Figure 2: Child in MBSSRT position with knee flexed at approximately 90° and resting on the stable support. Abbreviations: Modifi ed Back saver sit-and-reach test – MBSSRT

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After recording the score of all tests, a comparative analysis was done between BSSRT and MBSSRT to find out if both the tools are same in measuring hamstring flexibility among primary school children.

Data analysis

The participants included for the study were 141. All data was analyzed by using Statistical Package for Social Sciences, version-20 (IBM® SPSS® v20). The normality of the collected data was established using Kolmogorov Smirnov Z test, and it was found to be that the data does not follow normal distribution; hence, we used non-parametric test. Descriptive statistics were reported as mean (95% confidence interval, 95% CI) and range. To find out the correlation between the two field tests, the Spearman rank correlation test was used. Significance level, α was set at P < 0.05.


  Results Top


[Table 1] shows the descriptive statistics in mean (95% CI) and range of the primary school children recruited. Among them, 79 were male and 63 female were recruited. Both males and females were approximately matched in their age, height, and weight. Their significance was displayed in [Table 2]. This matching improves the strength of the study.
Table 1: Descriptive statistics of the primary school children recruited

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Table 2: Demographic characteristic differences between male and female recruited

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The correlation scatter block between BBSSRT and MBSSRT were portrayed in [Figure 3] and [Figure 4]. According to Porteney and Watkins criteria in determining the strength of association between the two independent variables, there exists good degree of direct association between BSSRT and MBSSRT.
Figure 3: Scatter plot displaying the association between right-sided Modifi ed back saver sit-and-reach test (MBSSRT) and Back saver sit-and-reach test (BSSRT)

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Figure 4: Scatter plot displaying the association between left-sided Modified back saver sit-and-reach test (MBSSRT) and Back saver sit-and-reach test (BSSRT)

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  Discussion Top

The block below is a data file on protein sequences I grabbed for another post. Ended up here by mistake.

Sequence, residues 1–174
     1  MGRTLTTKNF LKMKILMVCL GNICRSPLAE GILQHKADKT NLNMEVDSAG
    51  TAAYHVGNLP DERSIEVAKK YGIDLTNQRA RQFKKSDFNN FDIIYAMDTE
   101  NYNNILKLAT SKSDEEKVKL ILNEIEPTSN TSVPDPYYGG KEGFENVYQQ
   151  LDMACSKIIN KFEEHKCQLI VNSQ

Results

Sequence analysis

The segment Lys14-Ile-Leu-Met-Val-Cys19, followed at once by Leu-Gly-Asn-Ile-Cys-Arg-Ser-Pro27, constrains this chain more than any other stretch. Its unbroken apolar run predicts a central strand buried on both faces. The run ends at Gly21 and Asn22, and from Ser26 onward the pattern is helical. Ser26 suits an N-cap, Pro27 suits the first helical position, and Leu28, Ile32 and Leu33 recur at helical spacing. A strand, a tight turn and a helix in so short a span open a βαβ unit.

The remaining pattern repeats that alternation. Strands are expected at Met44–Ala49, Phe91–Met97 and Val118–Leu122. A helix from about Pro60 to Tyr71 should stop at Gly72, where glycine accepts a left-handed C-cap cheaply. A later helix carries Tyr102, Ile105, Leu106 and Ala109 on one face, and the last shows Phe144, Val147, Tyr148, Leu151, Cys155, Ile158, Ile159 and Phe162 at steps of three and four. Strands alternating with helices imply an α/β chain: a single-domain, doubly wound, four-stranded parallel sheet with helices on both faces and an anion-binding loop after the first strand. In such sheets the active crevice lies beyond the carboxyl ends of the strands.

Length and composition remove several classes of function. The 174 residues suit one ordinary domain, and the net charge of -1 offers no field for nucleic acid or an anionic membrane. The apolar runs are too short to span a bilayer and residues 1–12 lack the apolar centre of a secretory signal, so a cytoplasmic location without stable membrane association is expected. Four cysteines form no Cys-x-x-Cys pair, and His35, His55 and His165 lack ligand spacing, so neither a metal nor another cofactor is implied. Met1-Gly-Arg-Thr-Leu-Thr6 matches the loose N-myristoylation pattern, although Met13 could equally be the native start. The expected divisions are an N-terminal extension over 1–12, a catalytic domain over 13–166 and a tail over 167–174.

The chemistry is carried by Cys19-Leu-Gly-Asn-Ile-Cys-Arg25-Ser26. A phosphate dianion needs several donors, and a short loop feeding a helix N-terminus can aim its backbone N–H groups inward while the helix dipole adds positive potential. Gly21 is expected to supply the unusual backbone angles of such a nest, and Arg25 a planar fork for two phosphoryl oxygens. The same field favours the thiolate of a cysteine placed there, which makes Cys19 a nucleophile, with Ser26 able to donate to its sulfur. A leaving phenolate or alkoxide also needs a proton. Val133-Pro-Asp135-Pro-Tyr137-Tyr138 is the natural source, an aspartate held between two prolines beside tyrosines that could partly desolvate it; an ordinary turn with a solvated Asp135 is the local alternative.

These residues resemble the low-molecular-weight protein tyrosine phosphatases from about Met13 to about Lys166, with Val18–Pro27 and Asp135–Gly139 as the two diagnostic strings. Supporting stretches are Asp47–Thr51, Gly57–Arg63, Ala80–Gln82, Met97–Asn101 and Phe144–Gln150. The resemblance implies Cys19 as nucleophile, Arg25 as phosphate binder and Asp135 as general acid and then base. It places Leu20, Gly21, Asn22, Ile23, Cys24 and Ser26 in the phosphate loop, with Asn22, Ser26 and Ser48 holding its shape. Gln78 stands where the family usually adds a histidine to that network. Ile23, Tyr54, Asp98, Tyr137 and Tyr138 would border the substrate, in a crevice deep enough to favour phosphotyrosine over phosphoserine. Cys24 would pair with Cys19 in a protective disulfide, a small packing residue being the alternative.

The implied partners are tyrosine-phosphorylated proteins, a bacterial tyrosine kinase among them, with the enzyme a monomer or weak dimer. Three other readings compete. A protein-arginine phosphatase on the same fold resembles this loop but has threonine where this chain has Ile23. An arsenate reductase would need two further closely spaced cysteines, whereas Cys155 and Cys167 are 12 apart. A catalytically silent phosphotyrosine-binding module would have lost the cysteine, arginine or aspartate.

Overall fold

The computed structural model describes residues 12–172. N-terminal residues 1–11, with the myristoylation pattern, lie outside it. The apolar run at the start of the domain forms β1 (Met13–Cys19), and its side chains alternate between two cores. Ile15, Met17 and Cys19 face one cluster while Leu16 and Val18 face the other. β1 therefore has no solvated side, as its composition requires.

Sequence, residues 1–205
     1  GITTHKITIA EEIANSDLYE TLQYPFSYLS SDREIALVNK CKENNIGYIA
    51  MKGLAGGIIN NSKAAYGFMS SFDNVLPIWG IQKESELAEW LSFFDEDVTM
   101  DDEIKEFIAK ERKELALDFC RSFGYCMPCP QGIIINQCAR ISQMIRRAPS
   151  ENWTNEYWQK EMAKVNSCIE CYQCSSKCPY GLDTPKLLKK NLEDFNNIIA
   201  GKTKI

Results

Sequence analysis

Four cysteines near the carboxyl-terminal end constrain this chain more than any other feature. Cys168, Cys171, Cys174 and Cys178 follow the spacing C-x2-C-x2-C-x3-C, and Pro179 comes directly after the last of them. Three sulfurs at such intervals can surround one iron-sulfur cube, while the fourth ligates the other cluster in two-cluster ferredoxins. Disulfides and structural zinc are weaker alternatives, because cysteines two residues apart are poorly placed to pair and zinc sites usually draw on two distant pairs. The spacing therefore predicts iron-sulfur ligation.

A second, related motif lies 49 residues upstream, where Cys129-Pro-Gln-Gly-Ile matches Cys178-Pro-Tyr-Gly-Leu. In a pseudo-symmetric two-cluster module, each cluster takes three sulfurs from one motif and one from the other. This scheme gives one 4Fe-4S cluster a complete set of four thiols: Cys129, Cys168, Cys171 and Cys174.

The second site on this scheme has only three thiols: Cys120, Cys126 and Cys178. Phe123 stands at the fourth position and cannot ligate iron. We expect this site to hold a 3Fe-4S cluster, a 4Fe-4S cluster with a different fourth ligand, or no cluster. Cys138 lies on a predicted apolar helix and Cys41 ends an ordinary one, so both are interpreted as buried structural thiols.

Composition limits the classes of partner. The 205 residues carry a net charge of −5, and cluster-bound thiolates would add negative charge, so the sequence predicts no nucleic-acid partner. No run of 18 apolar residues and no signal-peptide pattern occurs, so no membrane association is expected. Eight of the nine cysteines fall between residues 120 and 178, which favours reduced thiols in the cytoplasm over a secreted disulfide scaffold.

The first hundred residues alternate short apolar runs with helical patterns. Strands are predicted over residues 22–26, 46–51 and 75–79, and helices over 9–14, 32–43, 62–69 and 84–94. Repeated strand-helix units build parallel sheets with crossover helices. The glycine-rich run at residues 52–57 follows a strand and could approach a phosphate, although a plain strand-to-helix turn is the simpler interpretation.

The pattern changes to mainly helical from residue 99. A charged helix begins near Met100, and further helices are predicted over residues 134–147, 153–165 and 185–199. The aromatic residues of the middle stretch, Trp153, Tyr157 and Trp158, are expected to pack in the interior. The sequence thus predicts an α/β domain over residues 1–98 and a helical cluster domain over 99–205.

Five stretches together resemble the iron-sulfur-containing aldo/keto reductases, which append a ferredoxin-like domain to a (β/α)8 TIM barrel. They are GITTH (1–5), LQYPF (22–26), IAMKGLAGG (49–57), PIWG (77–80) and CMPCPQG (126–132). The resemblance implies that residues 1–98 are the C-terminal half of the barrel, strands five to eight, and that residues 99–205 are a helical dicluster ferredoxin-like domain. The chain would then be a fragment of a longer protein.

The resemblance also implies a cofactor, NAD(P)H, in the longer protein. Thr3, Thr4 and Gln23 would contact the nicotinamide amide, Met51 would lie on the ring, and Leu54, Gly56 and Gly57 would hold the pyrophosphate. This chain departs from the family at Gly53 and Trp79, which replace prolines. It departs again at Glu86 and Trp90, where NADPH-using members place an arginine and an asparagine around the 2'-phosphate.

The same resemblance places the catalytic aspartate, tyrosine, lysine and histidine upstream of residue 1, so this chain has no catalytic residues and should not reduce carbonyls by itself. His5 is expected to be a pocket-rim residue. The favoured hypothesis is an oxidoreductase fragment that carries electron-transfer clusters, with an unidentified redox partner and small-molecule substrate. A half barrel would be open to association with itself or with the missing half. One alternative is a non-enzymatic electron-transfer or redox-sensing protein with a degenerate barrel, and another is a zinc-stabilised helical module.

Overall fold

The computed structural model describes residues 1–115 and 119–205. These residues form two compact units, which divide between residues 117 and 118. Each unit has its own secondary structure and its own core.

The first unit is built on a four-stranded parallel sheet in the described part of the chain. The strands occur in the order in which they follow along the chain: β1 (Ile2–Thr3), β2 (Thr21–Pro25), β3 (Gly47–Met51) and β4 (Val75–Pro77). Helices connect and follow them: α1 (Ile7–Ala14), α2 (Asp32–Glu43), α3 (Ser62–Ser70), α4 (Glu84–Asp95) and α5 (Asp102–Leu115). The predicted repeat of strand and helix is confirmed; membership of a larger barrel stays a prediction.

This study included the primary school children, as the measure of hamstring flexibility was not established in this population. Prior to testing, participants were asked to remove their shoes and belt to avoid any discomfort while measuring their flexibility. As students were having physical education class in afternoon from 2 p.m. to 4 p.m., the test was conducted during the same time to maintain uniformity. Six day were taken for data collection at the above mentioned time, with different grade students, but for each student all tests were conducted on the same day. Before testing, the students were informed to perform warm-up exercise for 5 minutes. No participants were eliminated because of their inability to perform the test. No one was in an incorrect position during the test, and no injuries occurred during testing.

Associations between BSSRT and MBSSRT test have been established in adolescent age group, but not in children. Therefore, this study served the purpose among primary school children. Although the BSSRT and MBSSRT are the most commonly used field measures of hamstring flexibility in current fitness test batteries, Baltaci et al. [16] reported that BSSRT has a disadvantage, i.e., it causes excessive posterior disk compression. Therefore, MBSSRT was proposed as an alternative for assessing hamstring flexibility. Even according to Staylen et al., [11] MBSSRT is more preferable test to measure hamstring flexibility. MBSSRT adopts the position of single leg stretch, which eliminates excessive posterior disk compression of the vertebrae, and requires only a measuring ruler and a 12-inch high bench, which is easily available in most school settings. Moreover, the specific posture when performing the test eliminates the abnormal position and discomforting feeling of the unstretched leg, as in the original BSSRT. The original BSSRT often elicits a discomforting feeling at the hip joint of the bent leg. The other contributing factors are the abnormal joint angle of the hip when the participant reaches forward, and the involvement of the adductor muscle group and the gluteus muscle group of the bent leg, which may limit the forward stretch motion. Therefore, the MBSSR test has been rated as the most comfortable test compared with other tests. This is probably due to the elimination of the adductors and gluteus muscles involvement when the bent leg is hanging down from the bench. The above may contribute to difference in flexibility between the two tests.